Road Less Traveled Finds Teens and Families Volunteering on Vacation

by  Paul Eisenberg | May 17, 2011
Voluntourism / yacobchuk/iStock

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Spend just five minutes with your teen while she’s forlorn or disengaged, and the idea of one of you leaving town won’t seem like a bad idea. And while that scenario’s not what Jim and Donna Stein had in mind when they began The Road Less Traveled, the couple has lured thousands of teens out of town - with and without their families - for vacations commingling adventure and community service.

Helping out the locals during vacation has been aggressively marketed in recent years with the buzzword “voluntourism,” but the Steins can’t be accused of being trendy, as they’ve been running their adventure trips combining recreation and camping and volunteering for 20 years.

Popular spring trips geared toward families include Costa Rica ($2,195 per person), where your brood might do some whitewater rafting as well as help a local family repairs their house. The Florida Keys trip ($2,295) mixes snorkeling and SCUBA with coral reef restoration.

Parents who prefer to let their teens go it alone will take heart in knowing that the maximum student to leader ratio is 7:1, that all leaders have wilderness and medical training, and that the company itself is accredited by the American Camping Association. And though trips are co-ed, sleeping arrangements are not. In a rule that sounds like it was written by somebody’s mom or dad (the Steins have three kids of their own), “a participant found in the tent of a member of the opposite sex will be sent home.”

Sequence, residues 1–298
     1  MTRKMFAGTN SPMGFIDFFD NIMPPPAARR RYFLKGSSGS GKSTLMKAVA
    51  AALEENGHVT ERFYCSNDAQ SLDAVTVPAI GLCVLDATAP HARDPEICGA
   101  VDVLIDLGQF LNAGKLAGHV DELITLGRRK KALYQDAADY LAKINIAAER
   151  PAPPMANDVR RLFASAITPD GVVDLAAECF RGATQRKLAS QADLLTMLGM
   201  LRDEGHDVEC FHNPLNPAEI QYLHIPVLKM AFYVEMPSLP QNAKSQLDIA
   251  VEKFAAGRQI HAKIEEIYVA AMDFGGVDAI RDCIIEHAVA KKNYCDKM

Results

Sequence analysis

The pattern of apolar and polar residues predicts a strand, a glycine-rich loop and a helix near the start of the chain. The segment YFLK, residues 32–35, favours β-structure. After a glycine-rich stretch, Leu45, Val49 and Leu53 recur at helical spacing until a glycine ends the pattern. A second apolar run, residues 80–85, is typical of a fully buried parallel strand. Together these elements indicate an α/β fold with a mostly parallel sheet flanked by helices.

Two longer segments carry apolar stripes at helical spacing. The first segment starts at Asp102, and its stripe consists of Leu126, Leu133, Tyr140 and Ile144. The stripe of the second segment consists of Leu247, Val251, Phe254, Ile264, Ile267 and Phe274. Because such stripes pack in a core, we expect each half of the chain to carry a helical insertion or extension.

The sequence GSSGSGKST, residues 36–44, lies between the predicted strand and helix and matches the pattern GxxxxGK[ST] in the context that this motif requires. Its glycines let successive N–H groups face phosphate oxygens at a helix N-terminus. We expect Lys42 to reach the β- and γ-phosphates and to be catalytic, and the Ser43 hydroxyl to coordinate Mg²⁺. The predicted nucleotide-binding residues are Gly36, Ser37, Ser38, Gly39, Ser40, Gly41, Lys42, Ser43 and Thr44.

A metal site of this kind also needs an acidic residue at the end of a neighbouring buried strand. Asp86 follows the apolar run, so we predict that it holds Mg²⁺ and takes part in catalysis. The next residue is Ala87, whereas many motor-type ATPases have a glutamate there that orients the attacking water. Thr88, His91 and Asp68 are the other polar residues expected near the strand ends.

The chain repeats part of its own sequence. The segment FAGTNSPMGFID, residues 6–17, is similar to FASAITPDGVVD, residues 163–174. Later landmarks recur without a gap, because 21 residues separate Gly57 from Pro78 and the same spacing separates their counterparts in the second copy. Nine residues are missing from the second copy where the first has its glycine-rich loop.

Since trips range from one to seven weeks on any one of five continents, trip tuition varies appreciably, but all include food and lodging, community service materials, activity fees, and ground transportation; neither external nor internal flights are included.

One July trip with two eight-day sessions caught my eye, not just because it was moderately priced at $1,450 per person or because it would work for families or just teens, but because I was so moved by the description. In the wake of the April tornado that ripped through Tuscaloosa, participants on a disaster relief trip “will focus on lending our hands to debris removal, manning donation centers, standing side by side with those affected, and lending an ear to those who want to share their story. Our work will be difficult, our accommodations simple, and the time we spend being of service to the warm people of Alabama will be priceless.”

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